Care Insurance

The Nuts and Bolts of Automobile Insurance Coverage

Not a week goes by that we don’t receive a call from someone who’s been involved in a car accident, only to find out that the coverage they purchased is not the coverage they need. So, what do all those different types of car insurance mean anyway?

Let’s start with what’s required in North Carolina:

 

Liability – Bodily Injury

Generally, bodily injury coverage protects you in the event that you, or someone driving your vehicle under certain circumstances, causes harm to another person in a car accident. North Carolina law mandates that you carry a minimum of $30,000.00 per person and $60,000.00 per accident. This means the most any one person can recover from your insurance carrier is $30,000.00, but in the event that you cause harm to two or more people, the most the injured parties may collectively recover from your insurance carrier is $60,000.00.

 

Liability – Property Damage

Property damage coverage works in much the same way as bodily injury coverage in that it is fault-based. If you or someone driving your vehicle under certain circumstances causes damage to another person’s property, your property damage coverage protects you by reimbursing the other party for their property damage. North Carolina law requires its drivers to carry a minimum of $25,000.00 in property damage coverage.

 

Uninsured Motorist Coverage

If you elect to have automobile insurance with the statutory minimum limits, the law also requires you to have Uninsured Motorist Coverage, which protects you in the event another party causes you or your vehicle harm in a collision, but fails to have automobile insurance. In the event that you elect for a policy with coverage that is greater than the state minimums, your policy is required to have combined Uninsured and Underinsured Motorist coverage.

Of course, the statutory requirements are simply the bare minimum coverage you must carry as a North Carolina driver to be in compliance with the law. You may very well wish to consider higher policy limits as well as several optional coverages discussed below.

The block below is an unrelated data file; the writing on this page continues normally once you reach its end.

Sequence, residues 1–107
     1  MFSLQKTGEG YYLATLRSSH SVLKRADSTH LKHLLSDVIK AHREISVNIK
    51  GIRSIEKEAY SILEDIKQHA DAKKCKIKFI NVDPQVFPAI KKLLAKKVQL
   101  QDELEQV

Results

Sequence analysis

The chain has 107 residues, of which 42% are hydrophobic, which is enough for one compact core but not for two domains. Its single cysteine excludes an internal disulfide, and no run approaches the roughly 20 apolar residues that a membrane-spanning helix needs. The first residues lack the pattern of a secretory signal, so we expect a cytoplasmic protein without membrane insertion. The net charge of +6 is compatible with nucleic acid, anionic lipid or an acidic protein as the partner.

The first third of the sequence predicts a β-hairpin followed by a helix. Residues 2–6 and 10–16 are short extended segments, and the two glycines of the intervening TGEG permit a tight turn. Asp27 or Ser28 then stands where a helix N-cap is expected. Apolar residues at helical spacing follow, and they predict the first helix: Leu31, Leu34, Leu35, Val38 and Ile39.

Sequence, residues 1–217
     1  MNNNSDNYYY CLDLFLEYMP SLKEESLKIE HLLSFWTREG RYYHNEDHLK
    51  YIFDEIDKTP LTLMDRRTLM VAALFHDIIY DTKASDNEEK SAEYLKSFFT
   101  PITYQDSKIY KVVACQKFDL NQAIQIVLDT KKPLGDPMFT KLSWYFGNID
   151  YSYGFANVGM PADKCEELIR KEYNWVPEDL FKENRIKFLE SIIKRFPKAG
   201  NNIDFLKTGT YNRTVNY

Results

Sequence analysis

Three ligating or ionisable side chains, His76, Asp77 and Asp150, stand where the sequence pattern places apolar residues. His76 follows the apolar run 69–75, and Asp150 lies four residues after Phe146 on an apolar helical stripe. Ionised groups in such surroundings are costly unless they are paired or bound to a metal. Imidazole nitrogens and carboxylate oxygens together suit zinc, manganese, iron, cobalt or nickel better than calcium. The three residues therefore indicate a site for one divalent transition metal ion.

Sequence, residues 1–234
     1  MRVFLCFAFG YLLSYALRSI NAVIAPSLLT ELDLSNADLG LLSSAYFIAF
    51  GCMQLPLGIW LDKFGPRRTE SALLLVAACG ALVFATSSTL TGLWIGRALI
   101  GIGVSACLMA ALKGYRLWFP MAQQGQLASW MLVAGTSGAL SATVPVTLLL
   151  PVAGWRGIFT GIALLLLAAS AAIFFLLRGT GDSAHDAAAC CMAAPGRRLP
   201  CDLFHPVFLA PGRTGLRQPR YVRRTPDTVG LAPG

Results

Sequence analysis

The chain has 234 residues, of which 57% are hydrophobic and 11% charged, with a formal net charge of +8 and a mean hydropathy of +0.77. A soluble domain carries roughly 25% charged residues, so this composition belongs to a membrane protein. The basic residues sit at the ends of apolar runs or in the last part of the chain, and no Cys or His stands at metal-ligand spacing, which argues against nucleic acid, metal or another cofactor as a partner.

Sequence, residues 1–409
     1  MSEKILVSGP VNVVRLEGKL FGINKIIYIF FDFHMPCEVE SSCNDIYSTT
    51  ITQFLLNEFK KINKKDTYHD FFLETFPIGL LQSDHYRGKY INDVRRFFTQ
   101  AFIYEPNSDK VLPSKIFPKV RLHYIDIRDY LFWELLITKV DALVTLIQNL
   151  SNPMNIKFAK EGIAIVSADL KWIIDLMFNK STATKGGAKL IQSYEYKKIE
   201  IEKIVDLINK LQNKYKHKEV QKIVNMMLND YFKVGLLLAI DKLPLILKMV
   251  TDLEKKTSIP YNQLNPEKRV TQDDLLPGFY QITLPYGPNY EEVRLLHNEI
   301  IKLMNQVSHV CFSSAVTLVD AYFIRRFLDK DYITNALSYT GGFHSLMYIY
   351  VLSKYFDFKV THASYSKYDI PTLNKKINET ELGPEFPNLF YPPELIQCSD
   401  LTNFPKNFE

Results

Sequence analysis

What coverages are optional in North Carolina:

 

Collision

We’ve all rolled a stop sign and we’ve all driven in excess of the speed limit. It doesn’t make it ok, but we all make mistakes. Unfortunately, you generally cannot recover any damages for your losses if you contributed, at all, to the cause of an accident. Collision coverage is your lifeline in these situations because, without it, you are stuck paying for the damages to your vehicle. In the worst case scenario, your vehicle may be a total loss and, if you do not own your car outright, you’re stuck making payments on a vehicle that is inoperable. While it’s not mandatory to carry it in this state, purchasing collision coverage makes good sense for most people.

 

Comprehensive Coverage

Comprehensive coverage works in much the same way as collision coverage in that it provides coverage in event your vehicle is damaged. The difference between the two is the source or cause of the damage. Comprehensive coverage provides you with coverage for damage to your vehicle caused by missiles or falling objects, fire, theft, larceny, explosions, earthquakes, windstorms, hail, water or flood, malicious mischief, civil commotion, or contact with a bird or animal, among other causes.

 

Medical Payments Coverage

 Generally, medical payments coverage provides coverage to you, your family, or someone occupying your insured vehicle for reasonable and necessary medical or funeral expenses incurred as a result of a collision. These days, most health insurance plans require you to pay deductibles and/or copays when you need medical care. If you’ve been injured in a collision, medical payments coverage provides you with a resource to draw from to make sure you can afford the unexpected medical care you need.

 

There are also several other types of miscellaneous insurance coverages available to North Carolina drivers on an elective basis.

When prospective clients contact us after being involved in a collision, we hate being the bearer of bad news and advising them that their insurance coverage may not afford them the benefits they expected. We encourage you to contact your insurance agent to discuss questions about what coverage makes the most sense for you or, if you’ve already been involved in a collision, please get in touch with us. We’ll be glad to review your policy with you and discuss what coverage may be available to you.